The bill leaves it up to the leaders of the C.I.A. and State Department to make their own determinations as to who is covered and how much compensation they receive, meaning “it has the opportunity to create incredible inconsistencies between agencies as to how they’re dealing with it,” Mr. Zaid said. “This is the type of case that demands uniform standards throughout the federal government. Someone at State should not be treated differently than someone at C.I.A.”
An administration official, speaking on condition of anonymity to disclose internal communications, said that officials standardized what they conceded had been an ad hoc and uneven reporting process across agencies before Mr. Biden took office, and that the State Department released guidance over the summer that assured employees they would receive the same standard of care as people from other agencies, including the C.I.A.
Victims’ groups that have been pushing for their injuries to be recognized and compensated applauded the signing. Robyn Garfield, a Commerce Department official who was injured in China, said the critical next step was to make sure victims who could no longer work were receiving proper care.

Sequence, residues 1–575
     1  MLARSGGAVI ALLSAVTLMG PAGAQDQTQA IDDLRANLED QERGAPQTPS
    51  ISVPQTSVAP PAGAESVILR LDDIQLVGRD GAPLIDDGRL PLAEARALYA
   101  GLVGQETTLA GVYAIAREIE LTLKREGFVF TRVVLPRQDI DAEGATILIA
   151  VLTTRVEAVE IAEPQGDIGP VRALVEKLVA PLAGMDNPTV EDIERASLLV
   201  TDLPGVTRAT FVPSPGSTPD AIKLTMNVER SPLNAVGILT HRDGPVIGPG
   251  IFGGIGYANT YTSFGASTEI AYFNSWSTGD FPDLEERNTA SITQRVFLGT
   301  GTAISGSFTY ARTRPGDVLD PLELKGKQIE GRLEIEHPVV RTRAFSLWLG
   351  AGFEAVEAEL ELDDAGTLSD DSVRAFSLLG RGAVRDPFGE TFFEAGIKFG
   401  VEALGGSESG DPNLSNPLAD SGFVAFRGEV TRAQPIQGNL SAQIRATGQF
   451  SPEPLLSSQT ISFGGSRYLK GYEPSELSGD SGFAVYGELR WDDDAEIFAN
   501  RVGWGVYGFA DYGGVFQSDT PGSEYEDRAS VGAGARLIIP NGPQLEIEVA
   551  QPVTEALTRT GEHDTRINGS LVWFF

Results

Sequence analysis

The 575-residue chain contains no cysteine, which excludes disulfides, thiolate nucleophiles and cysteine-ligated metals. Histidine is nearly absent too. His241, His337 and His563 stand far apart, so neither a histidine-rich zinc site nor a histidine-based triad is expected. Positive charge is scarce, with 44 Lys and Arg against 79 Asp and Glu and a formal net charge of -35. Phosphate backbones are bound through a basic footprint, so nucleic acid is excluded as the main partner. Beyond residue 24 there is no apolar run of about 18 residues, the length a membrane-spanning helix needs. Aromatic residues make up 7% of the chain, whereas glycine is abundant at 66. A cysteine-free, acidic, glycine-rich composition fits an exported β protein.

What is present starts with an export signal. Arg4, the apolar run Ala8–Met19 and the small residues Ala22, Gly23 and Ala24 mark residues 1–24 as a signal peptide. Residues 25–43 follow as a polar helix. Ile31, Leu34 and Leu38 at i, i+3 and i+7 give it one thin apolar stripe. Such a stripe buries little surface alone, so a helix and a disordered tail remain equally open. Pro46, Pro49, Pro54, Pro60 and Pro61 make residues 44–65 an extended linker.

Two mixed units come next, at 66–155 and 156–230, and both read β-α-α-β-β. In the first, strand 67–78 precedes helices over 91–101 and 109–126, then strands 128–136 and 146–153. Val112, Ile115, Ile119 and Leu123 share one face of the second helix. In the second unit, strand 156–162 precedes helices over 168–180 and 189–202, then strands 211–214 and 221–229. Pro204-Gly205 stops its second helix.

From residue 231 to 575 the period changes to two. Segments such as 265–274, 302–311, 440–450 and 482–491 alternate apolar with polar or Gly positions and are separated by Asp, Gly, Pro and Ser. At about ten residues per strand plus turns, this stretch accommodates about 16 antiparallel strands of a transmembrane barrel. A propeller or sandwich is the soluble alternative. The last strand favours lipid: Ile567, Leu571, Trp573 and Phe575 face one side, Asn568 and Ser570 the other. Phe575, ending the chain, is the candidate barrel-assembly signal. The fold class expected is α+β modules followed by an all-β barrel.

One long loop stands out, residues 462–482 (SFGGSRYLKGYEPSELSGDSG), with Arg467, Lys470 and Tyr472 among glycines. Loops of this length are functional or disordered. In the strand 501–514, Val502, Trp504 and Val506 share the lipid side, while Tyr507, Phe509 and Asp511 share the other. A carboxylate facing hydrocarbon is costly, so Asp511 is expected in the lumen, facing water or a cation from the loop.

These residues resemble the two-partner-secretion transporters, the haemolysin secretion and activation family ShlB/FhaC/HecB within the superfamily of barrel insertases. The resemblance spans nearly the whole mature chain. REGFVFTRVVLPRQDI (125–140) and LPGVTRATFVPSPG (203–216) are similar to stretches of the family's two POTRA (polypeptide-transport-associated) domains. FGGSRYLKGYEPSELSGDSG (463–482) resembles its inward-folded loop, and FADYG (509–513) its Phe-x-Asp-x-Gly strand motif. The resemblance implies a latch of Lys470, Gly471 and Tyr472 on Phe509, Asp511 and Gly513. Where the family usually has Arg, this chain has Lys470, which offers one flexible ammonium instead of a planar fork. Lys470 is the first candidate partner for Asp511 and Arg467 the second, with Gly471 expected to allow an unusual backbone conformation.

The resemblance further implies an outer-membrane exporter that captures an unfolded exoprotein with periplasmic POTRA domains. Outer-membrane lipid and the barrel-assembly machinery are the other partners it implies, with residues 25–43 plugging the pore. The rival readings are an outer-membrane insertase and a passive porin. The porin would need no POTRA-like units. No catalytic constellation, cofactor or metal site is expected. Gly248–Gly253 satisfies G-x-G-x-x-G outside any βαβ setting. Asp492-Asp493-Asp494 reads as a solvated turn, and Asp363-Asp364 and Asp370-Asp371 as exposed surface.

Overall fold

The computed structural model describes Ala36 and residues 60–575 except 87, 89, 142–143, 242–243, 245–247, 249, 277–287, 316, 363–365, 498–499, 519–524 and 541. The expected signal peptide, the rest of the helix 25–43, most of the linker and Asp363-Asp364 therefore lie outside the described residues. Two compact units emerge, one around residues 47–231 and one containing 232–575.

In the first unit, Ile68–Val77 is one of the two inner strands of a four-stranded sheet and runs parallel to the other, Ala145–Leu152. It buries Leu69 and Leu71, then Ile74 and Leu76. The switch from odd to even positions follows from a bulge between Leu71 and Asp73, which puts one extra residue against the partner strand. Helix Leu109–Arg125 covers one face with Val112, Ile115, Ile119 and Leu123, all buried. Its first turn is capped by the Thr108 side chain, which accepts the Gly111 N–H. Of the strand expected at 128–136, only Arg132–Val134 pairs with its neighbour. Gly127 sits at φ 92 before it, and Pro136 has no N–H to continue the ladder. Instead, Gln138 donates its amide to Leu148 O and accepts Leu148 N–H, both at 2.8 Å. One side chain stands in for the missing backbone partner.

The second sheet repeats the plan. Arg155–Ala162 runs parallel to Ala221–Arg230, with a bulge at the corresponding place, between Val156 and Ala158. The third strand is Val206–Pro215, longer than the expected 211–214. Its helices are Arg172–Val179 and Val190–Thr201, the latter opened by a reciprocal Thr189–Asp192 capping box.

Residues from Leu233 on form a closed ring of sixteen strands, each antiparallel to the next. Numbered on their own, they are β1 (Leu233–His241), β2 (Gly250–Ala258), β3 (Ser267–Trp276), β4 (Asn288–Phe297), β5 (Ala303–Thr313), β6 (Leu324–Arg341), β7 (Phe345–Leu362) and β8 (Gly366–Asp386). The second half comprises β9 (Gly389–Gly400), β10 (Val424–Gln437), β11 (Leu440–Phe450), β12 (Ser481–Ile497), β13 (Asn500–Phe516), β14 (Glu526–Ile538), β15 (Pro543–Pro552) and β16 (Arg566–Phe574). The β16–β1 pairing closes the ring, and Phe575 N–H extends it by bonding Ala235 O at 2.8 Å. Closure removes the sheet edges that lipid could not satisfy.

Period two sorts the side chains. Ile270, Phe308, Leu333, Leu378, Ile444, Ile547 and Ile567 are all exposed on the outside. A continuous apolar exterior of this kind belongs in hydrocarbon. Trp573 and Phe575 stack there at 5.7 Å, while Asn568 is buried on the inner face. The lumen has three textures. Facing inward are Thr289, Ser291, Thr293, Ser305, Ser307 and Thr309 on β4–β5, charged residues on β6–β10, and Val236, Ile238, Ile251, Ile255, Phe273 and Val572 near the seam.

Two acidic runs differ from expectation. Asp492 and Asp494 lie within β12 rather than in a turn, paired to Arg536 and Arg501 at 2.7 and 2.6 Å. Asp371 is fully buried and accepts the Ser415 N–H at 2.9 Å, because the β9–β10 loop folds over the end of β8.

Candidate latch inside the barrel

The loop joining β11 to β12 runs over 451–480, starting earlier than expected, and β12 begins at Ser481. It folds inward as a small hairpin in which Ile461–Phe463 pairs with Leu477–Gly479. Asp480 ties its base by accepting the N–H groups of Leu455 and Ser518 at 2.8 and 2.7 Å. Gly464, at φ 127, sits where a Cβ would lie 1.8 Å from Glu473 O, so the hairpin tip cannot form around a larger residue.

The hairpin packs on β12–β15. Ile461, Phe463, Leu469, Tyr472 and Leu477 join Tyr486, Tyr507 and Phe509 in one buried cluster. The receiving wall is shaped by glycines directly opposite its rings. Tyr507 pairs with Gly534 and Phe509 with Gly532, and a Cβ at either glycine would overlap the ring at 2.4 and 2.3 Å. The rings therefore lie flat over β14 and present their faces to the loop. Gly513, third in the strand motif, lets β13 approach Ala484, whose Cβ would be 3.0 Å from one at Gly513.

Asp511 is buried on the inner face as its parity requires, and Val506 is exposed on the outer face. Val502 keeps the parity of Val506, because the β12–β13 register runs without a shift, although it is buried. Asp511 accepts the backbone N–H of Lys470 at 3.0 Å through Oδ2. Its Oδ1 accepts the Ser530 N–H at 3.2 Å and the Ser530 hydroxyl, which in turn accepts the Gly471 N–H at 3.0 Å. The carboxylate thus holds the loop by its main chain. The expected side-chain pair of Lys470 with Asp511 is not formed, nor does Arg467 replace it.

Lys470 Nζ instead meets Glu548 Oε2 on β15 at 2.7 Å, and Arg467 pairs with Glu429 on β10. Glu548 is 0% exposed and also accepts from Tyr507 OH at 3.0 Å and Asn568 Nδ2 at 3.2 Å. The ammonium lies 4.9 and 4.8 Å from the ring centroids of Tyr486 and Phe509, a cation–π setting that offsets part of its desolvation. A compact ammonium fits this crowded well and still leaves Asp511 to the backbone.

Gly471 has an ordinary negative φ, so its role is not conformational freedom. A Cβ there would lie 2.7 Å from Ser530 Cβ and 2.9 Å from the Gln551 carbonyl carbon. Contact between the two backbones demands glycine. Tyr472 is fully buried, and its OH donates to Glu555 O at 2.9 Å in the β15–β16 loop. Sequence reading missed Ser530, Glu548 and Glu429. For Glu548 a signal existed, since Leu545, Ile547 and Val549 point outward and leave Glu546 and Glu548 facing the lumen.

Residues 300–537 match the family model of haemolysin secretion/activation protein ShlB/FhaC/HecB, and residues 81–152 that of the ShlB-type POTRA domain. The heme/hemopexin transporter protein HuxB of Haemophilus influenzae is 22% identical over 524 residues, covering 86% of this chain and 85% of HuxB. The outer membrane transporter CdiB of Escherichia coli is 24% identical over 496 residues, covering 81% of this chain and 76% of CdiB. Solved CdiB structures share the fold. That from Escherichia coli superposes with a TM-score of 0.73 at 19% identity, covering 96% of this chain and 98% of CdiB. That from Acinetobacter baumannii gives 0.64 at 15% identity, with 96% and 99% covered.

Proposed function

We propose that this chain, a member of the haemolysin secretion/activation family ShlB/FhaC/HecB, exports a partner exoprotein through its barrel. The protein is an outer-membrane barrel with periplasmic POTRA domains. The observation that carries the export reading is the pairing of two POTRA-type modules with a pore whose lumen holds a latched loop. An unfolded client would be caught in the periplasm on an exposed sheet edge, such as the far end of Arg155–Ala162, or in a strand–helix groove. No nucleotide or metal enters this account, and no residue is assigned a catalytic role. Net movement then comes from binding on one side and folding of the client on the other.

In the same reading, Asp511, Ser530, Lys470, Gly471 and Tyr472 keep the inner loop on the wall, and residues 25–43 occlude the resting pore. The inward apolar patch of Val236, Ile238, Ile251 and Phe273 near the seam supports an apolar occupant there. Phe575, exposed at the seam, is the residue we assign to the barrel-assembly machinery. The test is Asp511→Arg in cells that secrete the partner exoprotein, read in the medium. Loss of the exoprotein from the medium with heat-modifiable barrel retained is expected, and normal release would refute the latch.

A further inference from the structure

Mr. Garfield also said uniform diagnostic and treatment plans had to be adopted.
“For too long, too many of us have been treated as adversaries and not partners by our own agencies,” Mr. Garfield said.
Mark Lenzi, a State Department official who was also injured in China, said it was time for Congress to hold hearings, adding that there was more information collected by the government that lawmakers must review.
“This Havana Act legislation is crucial but only a first step towards getting injured U.S. government personnel and their family members the help we should have received years ago,” Mr. Lenzi said.
Ana Swanson contributed reporting.